Scientists want to know about plasmoids because these structures can pull charged particles out of a planet's atmosphere and fling them into space. And if you change a planet's atmosphere, you change the planet itself.

And from the "plain language summary" of their scientific paper published in Geophysical Research Letters:

Uranus possesses an intrinsic magnetic field that encircles the planet and influences the local space environment. The solar wind plasma, made up of charged particles, flows away from the Sun and interacts with Uranus' magnetic field to form what is called a “planetary magnetosphere.” By understanding dynamics of the magnetosphere, we are able to learn how changes in the Sun can impact the planet's space environment but also how magnetic fields and plasma are circulated throughout the system. In this work, we analyze data from the Voyager 2 spacecraft during the Uranus flyby in 1986. The data revealed a helical bundle of magnetic flux containing planetary plasma, known as a “plasmoid,” in the tail of the magnetosphere.

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Vacuum and hand dryer maker Dyson designed a new ventilator for COVID-19 patients

British inventor James Dyson announced that his company has spent the last week designing a new ventilator for COVID-19 patients and will ship 10,000 of them early next month to support the UK's National Health Service. He's also donating 5,000 more of them to international initiatives. From CNN:

Dyson said the company had designed and built an entirely new ventilator, called the "CoVent," since he received a call 10 days ago from UK Prime Minister Boris Johnson.,P"This new device can be manufactured quickly, efficiently and at volume," Dyson added, saying that the new ventilator has been designed to "address the specific needs" of coronavirus patients....

"The core challenge was how to design and deliver a new, sophisticated medical product in volume and in an extremely short space of time," he added. "The race is now on to get it into production."

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Harsh but funny way to get your neighbors to turn down their music

Love thy neighbor! To a point, anyway. Matt O'Brien suggests that if your neighbors are playing their music too loud for you to handle, you might be able to hijack their Bluetooth speaker with the below song he recorded just for that occasion. It's pretty catchy!

(Thanks, Jeff Cross!) Read the rest

An eerily beautiful drone video of shutdown San Francisco

Dan Denegre (Space Race Studio) used his DJI Mavic 2 Pro drone to shoot this eerie yet beautiful video of San Francisco on pause. The soundtrack is "La Guitarra Triste" by Cast of Characters.

"Thankfully few people are outside (I wasn't even close to a person), but seeing the shops boarded up is tough to see," Denegre writes. "I made sure the drone wasn't a nuisance to anyone while shooting this short documentary of this...very weird time in San Francisco."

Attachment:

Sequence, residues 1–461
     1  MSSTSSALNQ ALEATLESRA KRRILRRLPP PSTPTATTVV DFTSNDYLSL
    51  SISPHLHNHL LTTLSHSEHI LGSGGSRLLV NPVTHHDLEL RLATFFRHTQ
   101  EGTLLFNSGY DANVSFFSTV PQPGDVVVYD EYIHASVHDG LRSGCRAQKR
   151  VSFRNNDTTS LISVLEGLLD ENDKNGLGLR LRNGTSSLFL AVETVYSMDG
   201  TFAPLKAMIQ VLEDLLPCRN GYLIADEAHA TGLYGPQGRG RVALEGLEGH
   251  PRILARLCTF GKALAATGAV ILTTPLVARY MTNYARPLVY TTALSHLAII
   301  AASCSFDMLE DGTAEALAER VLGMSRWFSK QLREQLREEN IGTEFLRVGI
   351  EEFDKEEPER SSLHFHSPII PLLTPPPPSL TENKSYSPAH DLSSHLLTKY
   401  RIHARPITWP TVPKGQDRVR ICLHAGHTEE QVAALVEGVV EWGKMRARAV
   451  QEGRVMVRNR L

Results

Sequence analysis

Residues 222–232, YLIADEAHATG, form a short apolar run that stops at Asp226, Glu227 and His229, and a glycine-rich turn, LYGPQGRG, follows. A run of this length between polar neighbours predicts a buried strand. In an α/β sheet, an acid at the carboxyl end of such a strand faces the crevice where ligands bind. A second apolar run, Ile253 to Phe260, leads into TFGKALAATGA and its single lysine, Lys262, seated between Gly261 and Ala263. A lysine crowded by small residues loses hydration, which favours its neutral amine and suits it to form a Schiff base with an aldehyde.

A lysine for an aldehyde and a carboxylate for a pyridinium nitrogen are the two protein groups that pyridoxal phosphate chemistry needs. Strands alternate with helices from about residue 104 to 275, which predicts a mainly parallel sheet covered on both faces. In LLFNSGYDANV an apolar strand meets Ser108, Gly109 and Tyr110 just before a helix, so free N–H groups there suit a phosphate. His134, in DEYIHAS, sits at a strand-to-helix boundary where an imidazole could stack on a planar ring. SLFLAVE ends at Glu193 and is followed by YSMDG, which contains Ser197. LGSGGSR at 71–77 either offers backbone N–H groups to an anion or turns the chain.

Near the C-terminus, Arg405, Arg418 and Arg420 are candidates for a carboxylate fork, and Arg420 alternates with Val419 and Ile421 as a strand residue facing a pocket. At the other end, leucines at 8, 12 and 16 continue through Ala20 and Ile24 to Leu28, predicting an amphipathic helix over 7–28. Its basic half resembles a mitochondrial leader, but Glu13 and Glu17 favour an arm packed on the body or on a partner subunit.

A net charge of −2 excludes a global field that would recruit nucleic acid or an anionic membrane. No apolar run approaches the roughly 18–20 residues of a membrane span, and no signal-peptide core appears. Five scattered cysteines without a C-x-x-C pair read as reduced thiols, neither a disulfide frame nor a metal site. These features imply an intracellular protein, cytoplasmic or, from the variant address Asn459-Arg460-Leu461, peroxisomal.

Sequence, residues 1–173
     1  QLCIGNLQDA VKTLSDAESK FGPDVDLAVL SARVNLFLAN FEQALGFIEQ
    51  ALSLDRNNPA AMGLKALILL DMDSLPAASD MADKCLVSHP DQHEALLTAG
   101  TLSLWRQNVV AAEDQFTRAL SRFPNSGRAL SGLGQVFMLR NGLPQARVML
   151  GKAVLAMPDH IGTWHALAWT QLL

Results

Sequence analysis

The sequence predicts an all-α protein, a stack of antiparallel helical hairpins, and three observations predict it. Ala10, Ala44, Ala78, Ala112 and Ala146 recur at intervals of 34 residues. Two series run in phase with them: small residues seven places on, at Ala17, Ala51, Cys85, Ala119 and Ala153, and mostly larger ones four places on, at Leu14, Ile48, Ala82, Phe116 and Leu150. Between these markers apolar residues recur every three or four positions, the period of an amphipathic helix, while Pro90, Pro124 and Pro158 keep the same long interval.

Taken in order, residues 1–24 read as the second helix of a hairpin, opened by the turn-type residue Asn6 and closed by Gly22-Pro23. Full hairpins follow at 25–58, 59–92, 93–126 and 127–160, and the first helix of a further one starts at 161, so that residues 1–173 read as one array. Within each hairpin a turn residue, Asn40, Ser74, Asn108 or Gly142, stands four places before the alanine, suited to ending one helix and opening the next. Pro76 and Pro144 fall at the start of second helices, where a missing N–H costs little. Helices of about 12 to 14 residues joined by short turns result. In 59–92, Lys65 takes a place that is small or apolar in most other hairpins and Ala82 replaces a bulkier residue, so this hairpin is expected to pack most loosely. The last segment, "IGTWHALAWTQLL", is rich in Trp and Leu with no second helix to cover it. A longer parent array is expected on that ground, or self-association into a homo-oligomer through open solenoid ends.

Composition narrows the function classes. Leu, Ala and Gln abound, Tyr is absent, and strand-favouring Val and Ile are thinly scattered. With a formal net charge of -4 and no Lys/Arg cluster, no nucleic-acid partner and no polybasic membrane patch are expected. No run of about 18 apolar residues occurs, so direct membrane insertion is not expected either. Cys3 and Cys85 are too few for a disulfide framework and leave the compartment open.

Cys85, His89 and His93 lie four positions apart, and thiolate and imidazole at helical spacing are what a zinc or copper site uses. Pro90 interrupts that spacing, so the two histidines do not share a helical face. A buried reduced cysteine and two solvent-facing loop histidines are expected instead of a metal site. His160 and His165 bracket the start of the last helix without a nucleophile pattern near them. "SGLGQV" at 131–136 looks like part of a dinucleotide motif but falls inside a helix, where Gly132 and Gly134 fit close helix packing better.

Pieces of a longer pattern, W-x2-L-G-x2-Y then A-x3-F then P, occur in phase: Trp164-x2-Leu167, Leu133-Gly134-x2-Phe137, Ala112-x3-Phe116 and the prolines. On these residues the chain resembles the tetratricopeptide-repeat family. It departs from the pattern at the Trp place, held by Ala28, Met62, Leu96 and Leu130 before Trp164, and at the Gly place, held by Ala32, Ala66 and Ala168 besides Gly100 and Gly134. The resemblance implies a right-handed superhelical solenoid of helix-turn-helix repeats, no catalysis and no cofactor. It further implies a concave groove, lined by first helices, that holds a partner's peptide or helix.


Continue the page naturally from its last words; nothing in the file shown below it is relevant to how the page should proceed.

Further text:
(Thanks, Imaginary Foundation!) Read the rest

O'Reilly Media shutters its conference business forever

O'Reilly Media's events, from the old Emerging Tech Conference and OSCON to FOO Camps and Strata, have long been energized and productive gatherings of geeks from around the world. Communities were forged there and emerging ideas were accelerated to action. I have fond memories of those real-world scenes, including the 2005 ETech Conference, one of the very infrequent times Xeni, Mark, Cory, and I were all in the same place. Photo evidence below. Sadly, O'Reilly president Laura Baldwin has announced the shutdown of O'Reilly's in-person events division. That marks the end of an era in computer culture. From O'Reilly:

It has been a rough few weeks as we’ve seen the COVID-19 virus take a toll on our livelihoods, our families and the world economy. People are losing their lives, and businesses are suffering in the shadow of revenue losses and a volatile stock market. The virus has had a material impact on O’Reilly’s in-person Events division as well. We previously made the painful decision to cancel our Strata California and Strata London events. Today, we’re sharing the news that we’ve made the very difficult decision to cancel all future O’Reilly in-person conferences and close down this portion of our business. Without understanding when this global health emergency may come to an end, we can’t plan for or execute on a business that will be forever changed as a result of this crisis. With large technology vendors moving their events completely on-line, we believe the stage is set for a new normal moving forward when it comes to in-person events.

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Turn a plastic bottle into a bidet

CuloClean is a portable gadget that turns a plastic bottle into a bidet. I can't vouch for its efficacy but it seems like a useful alternative to wiping your bum, especially as toilet paper has become a high-value currency. Apparently CuloClean supplies are also running low but it seems like you could make one yourself that would at least approximate this $9 gadget's utility. From CuloClean: